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Anaplasma centrale infecting the red blood cells of a cow: The arrow points to typical infected cell.
SpecialtyVeterinary medicine

Anaplasmosis is a disease caused by a rickettsial parasite of ruminants, Anaplasma spp and is therefore related to rickettsial disease.[1] The microorganisms are Gram-negative,[2] and infect red blood cells.[3] They are transmitted by natural means through a number of haematophagous species of ticks. The Ixodes tick that commonly transmits Lyme disease also spreads anaplasmosis.


Anaplasmosis is classified as a tick-borne disease. It can be contracted from tick bites which contain Anaplasma phagocytophilum. The most common tick that carries the bacterium is Ixodes scapularis, also known as the black-legged tick or the deer tick.[4][5]

Anaplasmosis can also be contracted from blood transfusions, as well as using surgical, dehorning, castration, and tattoo instruments and hypodermic needles that are not disinfected between uses.[4]

Signs and symptoms[edit]

Classic signs and symptoms of anaplasmosis include fever, a decreased number of white blood cells, platelets in the bloodstream, and abnormally elevated levels of liver enzymes. The erythema chronicum migrans rash may be seen with anaplasmosis as it is co-transmitted in 10% of Lyme disease cases.

Anemia may be severe and result in cardiovascular changes such as an increase in heart rate. Blood in the urine may occur due to the lysis of red blood cells. General systemic signs such as diarrhea, anorexia, and weight loss may also be present.


Several species of rickettsial bacteria cause anaplasmosis in ruminants:


Vaccines against anaplasmosis are available. Carrier animals should be eliminated from flocks. Tick control may also be useful, although it can be difficult to implement.[7]


The most effective courses of treatment are doxycycline (a normal dose would be 100 mg every 12 hours for adults), rifampin and levofloxacin. After treatment most animals become resistant to the disease.[8] Oxytetracycline and imidocarb have also been shown to be effective. Supportive therapy such as blood products and fluids may be necessary.[7]


In the United States, anaplasmosis is notably present in the south and west, where the tick hosts Ixodes spp. are found. It is also a seemingly increasing antibody in humans in Europe.[2] Although vaccines have been developed, none are currently available in the United States. Early in the 20th century, this disease was considered one of major economic consequence in the western United States. In the 1980s and 1990s, control of ticks through new acaricides and practical treatment with prolonged-action antibiotics, notably tetracycline, has led to the point where the disease is no longer considered a major problem. The disease affects immunoglobulin G, therefore G-specific antibody levels can be used to diagnose the disease.[9]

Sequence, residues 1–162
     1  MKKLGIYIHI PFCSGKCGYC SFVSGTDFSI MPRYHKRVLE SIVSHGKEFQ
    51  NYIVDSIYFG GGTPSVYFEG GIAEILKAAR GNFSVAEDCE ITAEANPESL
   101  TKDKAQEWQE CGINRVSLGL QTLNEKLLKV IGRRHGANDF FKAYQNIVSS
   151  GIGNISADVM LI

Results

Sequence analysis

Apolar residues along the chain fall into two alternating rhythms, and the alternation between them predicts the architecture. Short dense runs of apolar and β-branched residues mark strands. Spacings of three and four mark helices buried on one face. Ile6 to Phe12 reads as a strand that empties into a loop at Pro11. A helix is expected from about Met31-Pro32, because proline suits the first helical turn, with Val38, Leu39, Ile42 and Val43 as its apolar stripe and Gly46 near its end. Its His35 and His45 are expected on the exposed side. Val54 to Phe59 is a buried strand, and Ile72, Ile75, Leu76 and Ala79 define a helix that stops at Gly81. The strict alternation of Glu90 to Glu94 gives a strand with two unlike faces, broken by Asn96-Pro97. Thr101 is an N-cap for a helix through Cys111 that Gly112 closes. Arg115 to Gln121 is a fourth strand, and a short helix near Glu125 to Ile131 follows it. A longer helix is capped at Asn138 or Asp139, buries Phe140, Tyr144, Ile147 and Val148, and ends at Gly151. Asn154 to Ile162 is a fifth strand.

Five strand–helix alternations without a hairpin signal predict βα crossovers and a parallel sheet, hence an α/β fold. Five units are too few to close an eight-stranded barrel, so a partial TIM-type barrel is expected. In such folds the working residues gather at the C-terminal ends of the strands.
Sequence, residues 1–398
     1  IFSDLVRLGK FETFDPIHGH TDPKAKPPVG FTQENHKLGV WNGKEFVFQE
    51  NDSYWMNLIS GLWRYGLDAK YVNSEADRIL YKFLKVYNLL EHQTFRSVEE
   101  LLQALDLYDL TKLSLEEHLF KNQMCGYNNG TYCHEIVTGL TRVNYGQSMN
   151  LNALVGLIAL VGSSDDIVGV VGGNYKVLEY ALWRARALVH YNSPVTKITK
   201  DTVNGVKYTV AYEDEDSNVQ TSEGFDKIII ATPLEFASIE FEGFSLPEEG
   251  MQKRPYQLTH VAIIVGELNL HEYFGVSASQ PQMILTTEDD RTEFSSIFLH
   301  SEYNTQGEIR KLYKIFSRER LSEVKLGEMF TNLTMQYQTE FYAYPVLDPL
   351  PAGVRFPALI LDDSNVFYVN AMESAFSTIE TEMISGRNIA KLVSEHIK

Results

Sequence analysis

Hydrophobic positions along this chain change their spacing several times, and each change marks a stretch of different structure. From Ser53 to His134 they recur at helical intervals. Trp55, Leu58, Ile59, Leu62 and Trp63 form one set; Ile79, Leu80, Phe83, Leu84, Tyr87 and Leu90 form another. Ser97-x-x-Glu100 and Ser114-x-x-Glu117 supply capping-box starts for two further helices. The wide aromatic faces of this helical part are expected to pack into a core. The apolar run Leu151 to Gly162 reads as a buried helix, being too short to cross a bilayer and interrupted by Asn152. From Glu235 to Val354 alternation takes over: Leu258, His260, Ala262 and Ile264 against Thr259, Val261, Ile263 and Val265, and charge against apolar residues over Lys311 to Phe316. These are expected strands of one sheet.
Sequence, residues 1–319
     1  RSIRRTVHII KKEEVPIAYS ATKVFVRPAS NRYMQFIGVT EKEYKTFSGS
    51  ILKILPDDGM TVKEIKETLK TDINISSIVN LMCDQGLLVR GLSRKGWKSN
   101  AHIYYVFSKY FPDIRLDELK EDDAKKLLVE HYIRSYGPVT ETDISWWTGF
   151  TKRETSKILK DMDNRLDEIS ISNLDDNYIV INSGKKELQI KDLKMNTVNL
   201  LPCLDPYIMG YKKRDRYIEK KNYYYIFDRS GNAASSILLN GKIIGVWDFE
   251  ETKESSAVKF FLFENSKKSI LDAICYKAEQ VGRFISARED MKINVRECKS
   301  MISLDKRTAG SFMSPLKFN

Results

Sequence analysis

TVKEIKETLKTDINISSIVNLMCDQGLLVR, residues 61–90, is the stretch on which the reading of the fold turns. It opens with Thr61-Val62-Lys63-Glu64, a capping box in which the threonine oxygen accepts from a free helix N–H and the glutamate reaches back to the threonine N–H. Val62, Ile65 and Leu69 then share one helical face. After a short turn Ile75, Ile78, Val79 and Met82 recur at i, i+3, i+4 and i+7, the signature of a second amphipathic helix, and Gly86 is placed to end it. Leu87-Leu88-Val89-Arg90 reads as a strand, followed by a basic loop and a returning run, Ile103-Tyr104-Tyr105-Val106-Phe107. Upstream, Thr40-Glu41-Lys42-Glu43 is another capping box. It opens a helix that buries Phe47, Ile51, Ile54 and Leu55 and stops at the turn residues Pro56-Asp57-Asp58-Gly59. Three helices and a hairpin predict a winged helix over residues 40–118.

In 2005, A. ovis was found in reindeer populations in Mongolia.[10] This pathogen and its associated syndrome (characterized by lethargy, fever, and pale mucous membranes) was previously observed in only wild sheep and goats in the region, and is the first observed event of A. ovis in reindeer.

In Australia, bovine anaplasmosis, caused by A. marginale, is found in only the northern and eastern parts of Australia where the cattle tick is present. It was probably introduced as early as 1829 by cattle from Indonesia infested with the cattle tick Boophilus microplus.[11]

The veterinarian George P. Broussard of New Iberia, Louisiana, conducted important research on anaplasmosis and brucellosis.[12]


  1. ^ "Ehrlichiosis and Anaplasmosis - Infectious Diseases". Merck Manuals Professional Edition. Retrieved 2019-04-02.
  2. ^ a b Hartelt, Kathrin; Oehme, Rainer; Frank, Henning; Brockmann, Stefan O.; Hassler, Dieter; Kimmig, Peter (2004-04-01). "Pathogens and symbionts in ticks: prevalence of Anaplasma phagocytophilum (Ehrlichia sp.), Wolbachia sp., Rickettsia sp., and Babesia sp. in Southern Germany". International Journal of Medical Microbiology Supplements. Proceedings of the VII International Potsdam Symposium on Tick-Borne Diseases. 293, Supplement 37: 86–92. doi:10.1016/S1433-1128(04)80013-5.
  3. ^ Capucille, DJ (2011). "Anaplasmosis". In Haskell, SRR (ed.). Blackwell's Five-Minute Veterinary Consult Ruminant. Hoboken: John Wiley & Sons. pp. 50–51. ISBN 9780470961186.
  4. ^ a b "Transmission | Anaplasmosis | CDC". 2019-01-11. Retrieved 2019-04-02.
  5. ^ "Anaplasmosis | ALDF". Retrieved 2019-04-02.
  6. ^ a b c Boes, KM; Durham, AC (2017). "Anaplasmosis, Ehrlichiosis, Heartwater and Tick-Borne Fever". In Zachary, JF (ed.). Pathologic Basis of Veterinary Disease (6th ed.). Elsevier Health Sciences. pp. 749–50. ISBN 9780323357975.
  7. ^ a b Anaplasmosis reviewed and published by WikiVet, accessed 10 October 2011.
  8. ^ "CVBD - Treatment". Retrieved 2019-04-02.
  9. ^ Srivastava, Siddhartha; Evans, Gerald; Guan, T. Hugh; Edginton, Stefan (2018-03-26). "Human granulocytic anaplasmosis acquired from a blacklegged tick in Ontario". CMAJ. 190 (12): E363–E366. doi:10.1503/cmaj.171243. ISSN 0820-3946. PMC 5871440. PMID 29581163.
  10. ^ Haigh, Jerry C.; Gerwing, Victoria; Erdenebaatar, Janchivdorj; Hill, Janet E. (July 2008). "A novel clinical syndrome and detection of A. ovis in Mongolian reindeer (Rangifer tarandus)". Journal of Wildlife Diseases. 44 (3): 569–577. doi:10.7589/0090-3558-44.3.569. PMID access
  11. ^ "Bovine anaplasmosis". Tick fever. Department of Agriculture, Fisheries and Forestry, Queensland Government. Retrieved 14 June 2012.
  12. ^ "George Patout Broussard", A Dictionary of Louisiana Biography, Vol. 1 (1988), Louisiana Historical Association publication, p. 114.

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